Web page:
Don’t you wish life was fair and people got what they deserved (both good and bad) and there was justice for all? I really do. But that’s not how things go, and anyone who works with victims or their families knows that better than most.
Some children I adore are getting the short end of the stick right now. Their dad is making decisions that are hurting him- but when you’re an adult and make the decisions, you face the consequences. Their mom is amazing, and showing her kids real love by the way she handles it all. She isn’t getting what’s fair, and neither are her kids. What’s fair would be a dad and husband who chooses the right way, keeps his priorities in line, and doesn’t back away from the tough things. What’s reality is kids and mom who are hurting. Doesn’t seem fair.
And that’s just one of several situations around me like that right now.
Since we see so much unfairness in the world, we sometimes try to balance that with fairness in everything we can control. Sound familiar? As organizations, we may help only in equal and fair amounts, helping one only how we can help all. In professional settings, we often only give one what we can give all, even though we may want it different. At home, we try to give equal portions and equal gifts and equal time. We try to be fair.
But I heard a superb speaker this week, who said something completely opposite.
“Do for one what you wish you could do for everyone”- Andy Stanley
This doesn’t suggest that you drop the quality and quantity of the time, attention, and help that you give those you help or those you love. It simply means that when you have the chance to really make a difference in the life of one person, take it. Don’t worry about who you can’t do the same for; give what you can to that one.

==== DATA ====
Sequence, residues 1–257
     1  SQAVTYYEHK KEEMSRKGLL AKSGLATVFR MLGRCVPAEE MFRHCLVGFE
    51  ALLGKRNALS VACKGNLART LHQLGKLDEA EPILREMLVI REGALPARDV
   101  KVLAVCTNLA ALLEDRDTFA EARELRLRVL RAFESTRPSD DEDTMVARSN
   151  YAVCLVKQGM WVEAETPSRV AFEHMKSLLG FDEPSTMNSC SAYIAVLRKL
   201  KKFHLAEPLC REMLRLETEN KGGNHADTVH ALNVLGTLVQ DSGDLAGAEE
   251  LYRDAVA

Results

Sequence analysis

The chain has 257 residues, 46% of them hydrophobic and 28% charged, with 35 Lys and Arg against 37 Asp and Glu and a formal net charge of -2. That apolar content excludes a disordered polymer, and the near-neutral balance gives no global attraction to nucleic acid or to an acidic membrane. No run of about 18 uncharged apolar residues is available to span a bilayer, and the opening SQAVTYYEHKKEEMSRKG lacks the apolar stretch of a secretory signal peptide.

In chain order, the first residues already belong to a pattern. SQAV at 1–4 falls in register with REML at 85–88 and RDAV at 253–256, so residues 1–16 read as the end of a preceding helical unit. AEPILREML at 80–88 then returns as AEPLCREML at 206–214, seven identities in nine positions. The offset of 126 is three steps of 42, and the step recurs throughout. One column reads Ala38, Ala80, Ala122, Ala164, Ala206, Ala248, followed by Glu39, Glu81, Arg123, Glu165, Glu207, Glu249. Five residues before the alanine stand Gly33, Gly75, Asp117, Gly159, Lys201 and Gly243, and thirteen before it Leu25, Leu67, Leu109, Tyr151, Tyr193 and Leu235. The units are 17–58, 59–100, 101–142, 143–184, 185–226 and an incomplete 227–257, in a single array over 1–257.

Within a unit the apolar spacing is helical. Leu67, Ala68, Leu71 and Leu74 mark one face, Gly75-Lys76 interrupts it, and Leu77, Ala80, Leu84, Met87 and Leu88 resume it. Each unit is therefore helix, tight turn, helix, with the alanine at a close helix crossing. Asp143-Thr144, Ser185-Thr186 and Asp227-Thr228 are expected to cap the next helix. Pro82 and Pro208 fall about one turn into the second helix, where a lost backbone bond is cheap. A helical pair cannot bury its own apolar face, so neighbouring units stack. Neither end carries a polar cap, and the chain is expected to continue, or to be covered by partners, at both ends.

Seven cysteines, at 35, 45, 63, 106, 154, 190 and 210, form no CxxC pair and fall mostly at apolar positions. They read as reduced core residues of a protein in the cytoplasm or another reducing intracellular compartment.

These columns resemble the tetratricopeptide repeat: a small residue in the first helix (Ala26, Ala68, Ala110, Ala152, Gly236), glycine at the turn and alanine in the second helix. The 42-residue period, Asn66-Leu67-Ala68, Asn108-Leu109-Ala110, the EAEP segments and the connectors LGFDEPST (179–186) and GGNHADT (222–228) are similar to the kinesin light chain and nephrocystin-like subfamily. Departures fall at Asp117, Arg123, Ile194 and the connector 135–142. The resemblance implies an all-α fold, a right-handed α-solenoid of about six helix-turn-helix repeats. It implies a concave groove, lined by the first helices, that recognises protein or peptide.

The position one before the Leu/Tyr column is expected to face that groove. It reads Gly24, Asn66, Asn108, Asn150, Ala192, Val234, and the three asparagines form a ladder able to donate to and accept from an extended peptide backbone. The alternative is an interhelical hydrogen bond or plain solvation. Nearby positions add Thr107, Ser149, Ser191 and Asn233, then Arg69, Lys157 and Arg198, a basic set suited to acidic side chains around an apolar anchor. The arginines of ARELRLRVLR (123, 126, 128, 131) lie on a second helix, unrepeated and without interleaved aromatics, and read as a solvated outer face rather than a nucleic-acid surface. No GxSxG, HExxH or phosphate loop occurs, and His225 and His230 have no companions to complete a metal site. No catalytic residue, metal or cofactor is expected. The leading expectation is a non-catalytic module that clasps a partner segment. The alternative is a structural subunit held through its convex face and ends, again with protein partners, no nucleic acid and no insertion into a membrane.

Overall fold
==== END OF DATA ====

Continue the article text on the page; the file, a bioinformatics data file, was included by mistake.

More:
Most of us have heard the story of the boy throwing starfish into the sea. A passerby asked him why he bothered throwing some back when he couldn’t save them all. He said it didn’t matter. The boy simply responded “it mattered to that one” as he threw one into the waves, “and that one” as he threw another.
Those we can’t reach or help can be overwhelming for those of us working to serve others. My encouragement today is that you aren’t asked to help them all. But for each person you do, you make a world of difference.
Today, go out and do for one what you wish you could do for everyone.
Anita Sullivan is the sister of a missing person, and long time advocate of victims, even before having a personal connection to the world of lost. During college,Anita found a passion for helping others and was involved in a variety of ministries. She then started a career in non-profit, first working with victims of domestic violence and sexual assault. She went on to work with at risk families through a supervised visitation program before spending several years in fundraising and advocacy. She now tries to reach people with a message of Hope through writing and speaking, while honoring her brother, Michael "Austin" Davis, who has been missing since 2007. To learn more about Anita, visit her at losingaustin.blogspot.com.